WASHINGTON — For Republicans, watching Hillary Rodham Clinton and Barack Obama fight for supremacy in fundraising is not just a spectator sport. It is a look into the future, and the GOP isn't cheering.
Obama and Clinton together raked in as much as seven times as much cash in February as John McCain, the all-but-certain Republican nominee.
The Democrats, particularly Obama, are also developing a broad base of fervent donors whose help goes beyond sending money.
Some Republicans are sounding alarms.
"Since the midterm election of 2006, Democrats have had an enthusiasm gap with Republicans," said GOP strategist Scott Reed. "They have big crowds, raise more money and appear to have more excitement on the campaign trail. Couple this with turnout numbers, which are off the charts, and Republicans are going to have a big challenge in the fall."
Obama raised $36 million in January. Clinton aides said she raised $35 million in February, and estimates for Obama place his haul for the month at more than $50 million. McCain, who raised about $12 million in January, is on a similar pace for February, according to his campaign.
Such a money advantage could mean that for the first time since post-Watergate campaign finance laws, a presidential candidate may forgo public financing for the general election. That would mean turning aside $85 million for September and October on the assumption that he or she could raise more.
McCain has been trying to hold Obama to an agreement to accept the general election public funds, but Democrats are counseling Obama against it. They believe Republicans will use outside groups that can raise unlimited amounts of money to close any financial advantage Democrats may have.
"If we take the federal money we are disarming ourselves unilaterally against the Republicans," said Steve Murphy, a Democratic strategist who advised Bill Richardson's presidential campaign.
Democratic-leaning outside groups are already entering the contest, promising to target McCain for his stance on the war in Iraq.
The Democratic financial advantage has been evident for more than a year. The eight Democrats who were in the presidential race last year raised a combined $253 million in 2007 from individual donors; the nine Republicans raised a combined $207.5 million. Obama's $36 million in January exceeded the amount raised by all six Republican candidates who were still competing in that month.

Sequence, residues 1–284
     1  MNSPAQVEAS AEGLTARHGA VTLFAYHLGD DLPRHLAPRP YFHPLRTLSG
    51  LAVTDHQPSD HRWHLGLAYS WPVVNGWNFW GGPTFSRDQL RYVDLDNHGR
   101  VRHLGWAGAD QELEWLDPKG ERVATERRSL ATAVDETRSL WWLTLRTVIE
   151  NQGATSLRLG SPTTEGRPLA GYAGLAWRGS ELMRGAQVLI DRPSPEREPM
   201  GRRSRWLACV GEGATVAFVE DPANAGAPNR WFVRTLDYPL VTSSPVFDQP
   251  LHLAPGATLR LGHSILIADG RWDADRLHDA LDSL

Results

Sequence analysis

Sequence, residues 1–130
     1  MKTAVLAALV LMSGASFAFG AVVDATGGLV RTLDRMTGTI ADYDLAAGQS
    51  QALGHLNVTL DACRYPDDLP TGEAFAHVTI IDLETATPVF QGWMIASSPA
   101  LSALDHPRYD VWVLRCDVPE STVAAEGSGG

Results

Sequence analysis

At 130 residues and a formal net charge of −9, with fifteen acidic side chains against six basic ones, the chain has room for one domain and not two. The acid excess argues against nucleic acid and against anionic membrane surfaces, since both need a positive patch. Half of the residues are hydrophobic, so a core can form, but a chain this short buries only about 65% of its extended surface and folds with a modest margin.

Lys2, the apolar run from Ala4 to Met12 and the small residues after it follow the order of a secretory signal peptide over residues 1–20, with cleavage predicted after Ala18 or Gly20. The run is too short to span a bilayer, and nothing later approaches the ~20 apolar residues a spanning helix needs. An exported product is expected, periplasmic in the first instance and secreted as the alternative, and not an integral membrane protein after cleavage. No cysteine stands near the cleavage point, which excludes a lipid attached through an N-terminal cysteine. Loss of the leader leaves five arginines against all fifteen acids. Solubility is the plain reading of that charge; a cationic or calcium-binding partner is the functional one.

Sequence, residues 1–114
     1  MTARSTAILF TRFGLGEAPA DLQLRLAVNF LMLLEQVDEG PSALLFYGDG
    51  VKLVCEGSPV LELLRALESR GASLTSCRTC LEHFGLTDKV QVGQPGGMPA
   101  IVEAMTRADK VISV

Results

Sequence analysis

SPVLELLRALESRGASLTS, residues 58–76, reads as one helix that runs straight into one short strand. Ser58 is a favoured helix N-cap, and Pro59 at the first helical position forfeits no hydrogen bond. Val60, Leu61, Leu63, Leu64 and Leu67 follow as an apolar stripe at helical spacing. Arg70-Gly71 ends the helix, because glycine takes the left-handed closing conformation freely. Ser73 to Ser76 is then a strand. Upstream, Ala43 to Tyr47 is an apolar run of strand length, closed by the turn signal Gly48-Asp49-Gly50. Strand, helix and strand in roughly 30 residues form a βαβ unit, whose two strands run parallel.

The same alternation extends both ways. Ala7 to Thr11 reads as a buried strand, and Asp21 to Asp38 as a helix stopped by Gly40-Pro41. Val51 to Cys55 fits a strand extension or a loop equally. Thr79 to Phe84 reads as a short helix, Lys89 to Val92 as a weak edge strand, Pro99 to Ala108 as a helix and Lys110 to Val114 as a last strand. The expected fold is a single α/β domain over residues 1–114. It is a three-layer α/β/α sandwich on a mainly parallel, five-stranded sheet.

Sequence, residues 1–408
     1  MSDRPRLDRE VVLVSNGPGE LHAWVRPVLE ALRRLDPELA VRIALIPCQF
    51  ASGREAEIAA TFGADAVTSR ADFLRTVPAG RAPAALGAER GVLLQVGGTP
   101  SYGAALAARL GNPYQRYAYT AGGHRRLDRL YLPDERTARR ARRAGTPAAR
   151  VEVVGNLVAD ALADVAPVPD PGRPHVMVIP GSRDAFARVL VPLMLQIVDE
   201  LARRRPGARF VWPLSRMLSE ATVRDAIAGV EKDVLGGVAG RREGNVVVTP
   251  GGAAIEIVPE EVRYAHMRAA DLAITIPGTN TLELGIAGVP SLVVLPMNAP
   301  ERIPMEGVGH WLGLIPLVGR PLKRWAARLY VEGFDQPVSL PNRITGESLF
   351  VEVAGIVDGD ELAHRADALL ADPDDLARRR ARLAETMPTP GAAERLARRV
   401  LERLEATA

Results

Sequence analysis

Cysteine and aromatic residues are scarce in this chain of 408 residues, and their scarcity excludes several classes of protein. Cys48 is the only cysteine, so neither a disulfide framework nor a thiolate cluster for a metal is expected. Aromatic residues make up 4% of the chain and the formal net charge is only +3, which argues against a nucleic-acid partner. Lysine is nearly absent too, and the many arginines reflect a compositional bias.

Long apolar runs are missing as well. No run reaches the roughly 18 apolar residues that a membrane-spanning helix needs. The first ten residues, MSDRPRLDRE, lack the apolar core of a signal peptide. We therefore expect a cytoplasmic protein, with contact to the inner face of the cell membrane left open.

The discrepancy was enough to lead Republican National Committee Treasurer Tim Morgan to sound off last weekend in San Francisco during a California Republican convention. Morgan said the RNC has budgeted $150 million for the year, $100 million less than it raised in 2004 when President Bush ran against Democrat John Kerry.
"I look at the Barack Obama campaign in some horror," he said, noting the Democrat's totals so far this year. "That should give all of us a pause."
Republican officials said their party usually budgets conservatively. It planned to raise $172 million in 2004 and ended up raising nearly $249 million. They said party fundraising is ahead of schedule so far this year.
"Republican candidates will have the necessary resources to achieve victory, and communicate the message and mobilize the vote this fall," RNC spokesman Danny Diaz said.
The RNC is the only GOP committee that is faring better than its Democratic counterpart.
Obama and Clinton are still competing, while McCain, anticipating Obama's nomination, is already targeting his campaign against him.
"The next 60 days is all about defining Obama in a way Clinton was never able to do," Reed said. "The big crowds, the curiosity factor and the high platitude speeches have worked _ it's a true movement. But can the wave keep a crest all the way to November? I don't think so. It's impossible."
Still, either Obama, who is leading in the number of delegates needed to win the Democratic nomination, or Clinton would clearly have the upper hand going into the general election.
A fundraising advantage, Democrats say, would give the party's nominee the opportunity to compete in states that traditionally have not been considered general election battlegrounds.
"Obama can extend the contest to the Deep South," Murphy said. "That would offset the Southwestern advantage that McCain might have."
Murphy says he believes the Democratic nominee will raise twice as much as the GOP candidate and the Republican Party combined.
"I think $85 million for the general election season is a lot of money to give up," said Michael Malbin, executive director of the Campaign Finance Institute, a nonpartisan organization that studies campaign finance trends. "That's $1 million a day in spending."
But Obama and Clinton spent about $1 million a day in January alone, when they were competing in far fewer states than they would face in a general election.
"I don't know where this tops out," Malbin said. "Even now, only about 2 percent of the public is giving to politicians. It tops out when people who are interested in politics are tapped out."
Associated Press writer Laura Kurtzman contributed to his report from California.